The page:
An Egyptian high priest travels to America to reclaim the bodies of ancient Egyptian princess Ananka and her living guardian mummy Kharis. Learning that Ananka^Òs spirit has been ... See full summary »
In the 1890s a team of British archaeologists discover the untouched tomb of Princess Ananka but accidentally bring the mummified body of her High Priest back to life. Three years later ... See full summary »
While on a South Seas trip, a professor falls in love and marries an exotic native woman. What he doesn't know is that she was raised by superstitious natives who believe her to be some ... See full summary »
An artist (Lon Chaney Jr) is blinded by a jealous assistant/model. His fiance's father generously offers his eyes for a sight restoring operation. there's only one hitch. Chaney has to wait... See full summary »
An Egyptian high priest travels to America to reclaim the bodies of ancient Egyptian princess Ananka and her living guardian mummy Kharis. Learning that Ananka^Òs spirit has been reincarnated into another body, he kidnaps a young woman of Egyptian descent with a mysterious resemblance to the princess. However, the high priest^Òs greedy desires cause him to loose control of the mummy... Written by
Jeremy Lunt <email@example.com>
According to director Reginald Le Borg in a 1989 interview, Lon Chaney Jr., as Kharis, went overboard in the scene in which he strangles Frank Reicher, although Chaney blocked the camera from picking up Reicher's reaction. The veteran actor was moaning, and exclaimed, "He nearly killed me!" According to LeBorg, Reicher was a veteran and didn't make a formal complaint, but the next day the director noticed his neck visibly bore the effects. See more »
The opening speech by Andoheb is not consistent with the back story given in the other movies of the series. As well, Andoheb died at the beginning of the previous film. See more »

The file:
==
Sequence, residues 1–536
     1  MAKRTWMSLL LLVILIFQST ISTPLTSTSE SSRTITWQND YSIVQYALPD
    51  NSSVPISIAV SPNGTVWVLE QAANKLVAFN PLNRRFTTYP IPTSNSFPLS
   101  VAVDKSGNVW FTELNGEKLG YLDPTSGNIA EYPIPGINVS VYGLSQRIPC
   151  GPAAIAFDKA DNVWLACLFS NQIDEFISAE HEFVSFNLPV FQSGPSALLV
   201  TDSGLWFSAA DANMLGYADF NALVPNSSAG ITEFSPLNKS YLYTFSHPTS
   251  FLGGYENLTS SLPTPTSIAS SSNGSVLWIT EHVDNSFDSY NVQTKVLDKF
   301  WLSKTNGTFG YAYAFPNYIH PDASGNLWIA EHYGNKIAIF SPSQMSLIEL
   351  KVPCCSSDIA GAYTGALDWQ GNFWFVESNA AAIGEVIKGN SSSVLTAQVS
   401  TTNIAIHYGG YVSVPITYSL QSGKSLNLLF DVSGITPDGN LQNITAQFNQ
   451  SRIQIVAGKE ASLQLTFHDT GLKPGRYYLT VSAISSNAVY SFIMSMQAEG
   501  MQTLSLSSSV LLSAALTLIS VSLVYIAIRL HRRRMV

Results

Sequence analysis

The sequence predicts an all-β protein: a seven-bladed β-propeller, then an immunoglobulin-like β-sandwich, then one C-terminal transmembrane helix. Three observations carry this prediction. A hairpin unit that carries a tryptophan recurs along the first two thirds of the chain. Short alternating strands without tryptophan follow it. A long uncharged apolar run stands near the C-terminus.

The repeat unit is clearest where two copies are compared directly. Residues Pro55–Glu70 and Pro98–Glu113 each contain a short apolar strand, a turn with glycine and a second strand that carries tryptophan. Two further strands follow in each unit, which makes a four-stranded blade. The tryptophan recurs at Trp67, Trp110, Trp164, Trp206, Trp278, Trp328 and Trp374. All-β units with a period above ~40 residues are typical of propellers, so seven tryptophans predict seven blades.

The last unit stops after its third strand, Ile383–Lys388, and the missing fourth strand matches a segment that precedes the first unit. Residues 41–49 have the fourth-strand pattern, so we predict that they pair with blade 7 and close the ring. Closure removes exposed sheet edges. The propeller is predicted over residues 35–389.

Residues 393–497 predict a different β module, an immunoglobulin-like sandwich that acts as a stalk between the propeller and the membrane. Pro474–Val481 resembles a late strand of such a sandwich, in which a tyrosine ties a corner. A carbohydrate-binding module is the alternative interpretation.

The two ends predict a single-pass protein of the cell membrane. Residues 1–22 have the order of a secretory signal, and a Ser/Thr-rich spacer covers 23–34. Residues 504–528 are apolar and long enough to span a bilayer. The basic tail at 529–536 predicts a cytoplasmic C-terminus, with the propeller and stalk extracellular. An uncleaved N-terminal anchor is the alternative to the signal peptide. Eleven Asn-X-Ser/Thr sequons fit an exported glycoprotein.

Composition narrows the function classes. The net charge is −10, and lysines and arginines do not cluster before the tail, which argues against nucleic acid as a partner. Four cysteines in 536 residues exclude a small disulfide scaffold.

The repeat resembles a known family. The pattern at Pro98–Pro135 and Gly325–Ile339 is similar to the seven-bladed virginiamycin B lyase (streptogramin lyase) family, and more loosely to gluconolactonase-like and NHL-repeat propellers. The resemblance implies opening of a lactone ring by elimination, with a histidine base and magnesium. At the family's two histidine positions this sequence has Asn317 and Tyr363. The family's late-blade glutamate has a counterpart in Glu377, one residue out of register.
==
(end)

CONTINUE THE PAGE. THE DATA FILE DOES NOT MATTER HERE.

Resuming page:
This movie will scare the pants off of children. I grew up in the 50's. Our house was on a semi-rural road overshadowed on one side by a thick forest. At the foot of the tall hill upon which stood our house there was a swamp. The nearest neighbor was a quarter mile away. To an adult eye, the evening view on a moonlit night was, I am sure, romantic. To a child, however, the scene was an empty vessel ready to be filled with imaginary images of fearsome things.
One weekend night, my parents left me in charge of my two younger brothers. I put them to bed and sat down to see what could possibly be on TV. An hour or so later, I lay in bed, in the moonlight, in a pool of sweat, thinking about tana leaves and the possibility, however remote, that a pot of them might have been mistakenly left simmering on the stove. In my imagination, I knew he was out there coming for me. It didn't matter if he was miles away or just down the road. He knew who I was; he had taken a special interest in me. Up the moonlit road, step by step, limping along, relentless, unstoppable. Somehow I made it through the night but that mummy stayed with me for years and inspired many a nightmare.
My point here is that horror films are designed to scare you. We pay money to get scared. This one will do the trick if you're 10 years old and you're all alone (or almost alone -- when you're surrounded by mummies, you really do need an adult). Nine stars.
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